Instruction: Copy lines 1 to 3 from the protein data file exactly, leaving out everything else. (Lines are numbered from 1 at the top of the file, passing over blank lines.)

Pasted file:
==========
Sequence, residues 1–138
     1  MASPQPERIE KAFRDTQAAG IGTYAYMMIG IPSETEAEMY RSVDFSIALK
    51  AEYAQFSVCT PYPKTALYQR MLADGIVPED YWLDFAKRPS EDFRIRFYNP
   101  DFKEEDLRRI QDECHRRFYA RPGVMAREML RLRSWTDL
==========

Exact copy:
Sequence, residues 1–138
     1  MASPQPERIE KAFRDTQAAG IGTYAYMMIG IPSETEAEMY RSVDFSIALK
    51  AEYAQFSVCT PYPKTALYQR MLADGIVPED YWLDFAKRPS EDFRIRFYNP